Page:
Arts – Visual Arts

‘Iron in the mind’

Angus Trumble

 

Out of Australia: Prints and Drawings from Sidney Nolan to Rover Thomas
by Stephen Coppel
British Museum, £25 pb, 240 pp, 9780714126722

 

The British Museum’s connection with Australia goes right back to 29 Apri ...

Triumphalist march on St Kilda Road

Robert Aldrich

 

Napoleon: Revolution to Empire
edited by Ted Gott
National Gallery of Victoria, $49.95 hb, 327 pp, 9780724103560

 

Napoleon came to power as First Consul in 1799 after a coup d’état, having recentl ...

In 1981, William Kentridge journeyed from apartheid South Africa to the École Jacques Lecoq in Paris, renowned for its work in improvisation and physical theatre – theatre that creates itself in play. Though Kentridge would become an artist – working in drawing, printing, animation, film, opera, and sculpture – physical theatre and improvisation come closest ...

Life-of-PWTo Canberra on 12 April for the opening of a new travelling exhibition, The Life of Patrick White.

First, though, a quick dash that morning to Sydney for a meeting with Bernadette Brennan and Hilary McPhee. The three of us hav ...

Lightness and clarity

by Christopher Menz

 

The initial idea was for a new front door at the National Gallery of Australia. At least that is how Ron Radford, director of the Gallery, presented it to the one thousand or so guests in his remarks at the official opening of Andrew Andersons’ and PTW Architects’ Stage One ‘New Look ...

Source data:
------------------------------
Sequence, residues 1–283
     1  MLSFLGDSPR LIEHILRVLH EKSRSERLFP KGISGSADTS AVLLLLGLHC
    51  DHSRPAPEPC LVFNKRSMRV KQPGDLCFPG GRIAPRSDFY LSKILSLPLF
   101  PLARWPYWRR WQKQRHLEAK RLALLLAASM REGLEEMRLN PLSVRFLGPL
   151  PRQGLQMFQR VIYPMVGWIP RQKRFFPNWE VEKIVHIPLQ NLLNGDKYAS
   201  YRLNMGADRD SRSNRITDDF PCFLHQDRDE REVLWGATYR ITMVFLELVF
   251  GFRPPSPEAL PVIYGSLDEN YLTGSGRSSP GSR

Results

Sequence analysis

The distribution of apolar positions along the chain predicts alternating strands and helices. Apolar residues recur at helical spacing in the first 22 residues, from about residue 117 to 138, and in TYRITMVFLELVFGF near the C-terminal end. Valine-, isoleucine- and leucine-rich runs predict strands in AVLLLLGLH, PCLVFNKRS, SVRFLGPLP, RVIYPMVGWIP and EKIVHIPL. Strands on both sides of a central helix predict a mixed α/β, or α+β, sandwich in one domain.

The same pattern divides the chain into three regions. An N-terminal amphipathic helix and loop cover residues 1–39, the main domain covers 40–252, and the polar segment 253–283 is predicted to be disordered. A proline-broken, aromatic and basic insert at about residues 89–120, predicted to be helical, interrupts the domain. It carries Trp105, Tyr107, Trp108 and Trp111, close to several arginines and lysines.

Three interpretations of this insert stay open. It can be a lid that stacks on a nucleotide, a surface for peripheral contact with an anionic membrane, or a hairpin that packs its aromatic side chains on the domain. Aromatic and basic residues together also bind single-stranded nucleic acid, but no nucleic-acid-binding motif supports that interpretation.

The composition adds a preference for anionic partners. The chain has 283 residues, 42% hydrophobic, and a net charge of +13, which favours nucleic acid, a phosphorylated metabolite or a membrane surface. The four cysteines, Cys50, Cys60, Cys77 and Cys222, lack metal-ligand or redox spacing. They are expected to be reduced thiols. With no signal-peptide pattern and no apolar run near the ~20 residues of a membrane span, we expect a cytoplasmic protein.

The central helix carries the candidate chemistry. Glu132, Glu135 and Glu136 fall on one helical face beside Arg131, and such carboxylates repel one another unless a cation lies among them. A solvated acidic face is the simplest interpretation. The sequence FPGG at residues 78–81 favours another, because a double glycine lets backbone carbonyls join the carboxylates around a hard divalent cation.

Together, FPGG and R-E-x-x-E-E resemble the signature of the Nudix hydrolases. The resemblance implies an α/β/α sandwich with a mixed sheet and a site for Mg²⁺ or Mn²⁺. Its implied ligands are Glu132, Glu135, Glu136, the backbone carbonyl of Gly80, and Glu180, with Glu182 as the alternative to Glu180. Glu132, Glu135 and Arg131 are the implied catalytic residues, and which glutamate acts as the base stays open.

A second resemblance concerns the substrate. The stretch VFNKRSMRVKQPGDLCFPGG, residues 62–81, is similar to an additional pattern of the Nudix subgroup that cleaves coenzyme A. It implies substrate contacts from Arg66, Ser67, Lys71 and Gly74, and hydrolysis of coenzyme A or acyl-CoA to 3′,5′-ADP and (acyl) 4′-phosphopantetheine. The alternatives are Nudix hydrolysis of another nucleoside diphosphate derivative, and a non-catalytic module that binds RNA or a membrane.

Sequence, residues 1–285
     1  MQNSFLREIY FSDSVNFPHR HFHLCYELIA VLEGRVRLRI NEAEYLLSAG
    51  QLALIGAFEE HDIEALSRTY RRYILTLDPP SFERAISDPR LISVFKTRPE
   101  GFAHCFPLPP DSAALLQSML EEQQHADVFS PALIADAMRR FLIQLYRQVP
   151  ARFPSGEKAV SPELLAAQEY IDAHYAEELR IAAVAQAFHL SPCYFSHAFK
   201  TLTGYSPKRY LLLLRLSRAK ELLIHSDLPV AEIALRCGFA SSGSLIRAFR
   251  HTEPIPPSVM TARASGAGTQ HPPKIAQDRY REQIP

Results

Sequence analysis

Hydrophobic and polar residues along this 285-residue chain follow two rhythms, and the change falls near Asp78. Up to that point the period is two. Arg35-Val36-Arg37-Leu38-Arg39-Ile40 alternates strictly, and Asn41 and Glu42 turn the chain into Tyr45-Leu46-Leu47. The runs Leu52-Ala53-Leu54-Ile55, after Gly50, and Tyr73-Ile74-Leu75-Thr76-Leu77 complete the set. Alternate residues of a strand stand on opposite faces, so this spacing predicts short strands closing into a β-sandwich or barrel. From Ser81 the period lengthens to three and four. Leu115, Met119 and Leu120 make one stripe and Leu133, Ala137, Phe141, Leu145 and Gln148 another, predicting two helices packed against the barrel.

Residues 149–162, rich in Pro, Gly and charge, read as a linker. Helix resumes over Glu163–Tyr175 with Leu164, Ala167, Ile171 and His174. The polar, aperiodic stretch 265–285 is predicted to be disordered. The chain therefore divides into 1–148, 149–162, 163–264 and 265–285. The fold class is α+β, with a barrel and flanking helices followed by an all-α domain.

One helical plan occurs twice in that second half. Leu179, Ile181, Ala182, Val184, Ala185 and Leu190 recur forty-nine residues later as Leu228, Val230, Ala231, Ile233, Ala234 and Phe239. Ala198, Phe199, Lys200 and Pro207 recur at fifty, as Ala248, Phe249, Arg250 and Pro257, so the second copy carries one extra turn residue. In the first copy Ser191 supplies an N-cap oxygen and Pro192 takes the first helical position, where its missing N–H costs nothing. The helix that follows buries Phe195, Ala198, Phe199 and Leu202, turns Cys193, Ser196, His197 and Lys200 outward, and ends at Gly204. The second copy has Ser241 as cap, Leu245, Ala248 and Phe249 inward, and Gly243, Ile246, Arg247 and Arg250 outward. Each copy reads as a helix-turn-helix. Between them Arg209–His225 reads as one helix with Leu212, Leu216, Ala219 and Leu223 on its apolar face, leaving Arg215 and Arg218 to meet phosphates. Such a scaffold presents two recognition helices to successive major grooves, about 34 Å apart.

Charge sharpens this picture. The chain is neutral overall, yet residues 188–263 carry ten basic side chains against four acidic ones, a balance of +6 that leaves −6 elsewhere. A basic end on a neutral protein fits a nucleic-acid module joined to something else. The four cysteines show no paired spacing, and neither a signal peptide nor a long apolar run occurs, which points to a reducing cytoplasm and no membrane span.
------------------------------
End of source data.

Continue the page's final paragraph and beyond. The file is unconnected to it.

The late Susan Sontag suggested that the photograph ‘offers a modern counterpart of that characteristically romantic architectural genre, the artificial ruin: the ruin which is created in order to deepen the historical character of a landscape, to make nature suggestive, suggestive of the past’. On viewing the retrospective exhibition Bill Henson: Three Decades of Photography, which was organised by the Art Gallery of New South Wales and is now at The Ian Potter Centre: National Gallery of Victoria Australia (NGVA), this familiar idea of the photograph as memento mori struck me as peculiarly apposite. Although the experience of Henson’s photographs is not quite the eighteenth-century one of sighing over ruins, the tone of the exhibition is distinctly melancholic, something like a syncopated elegy in pictures.

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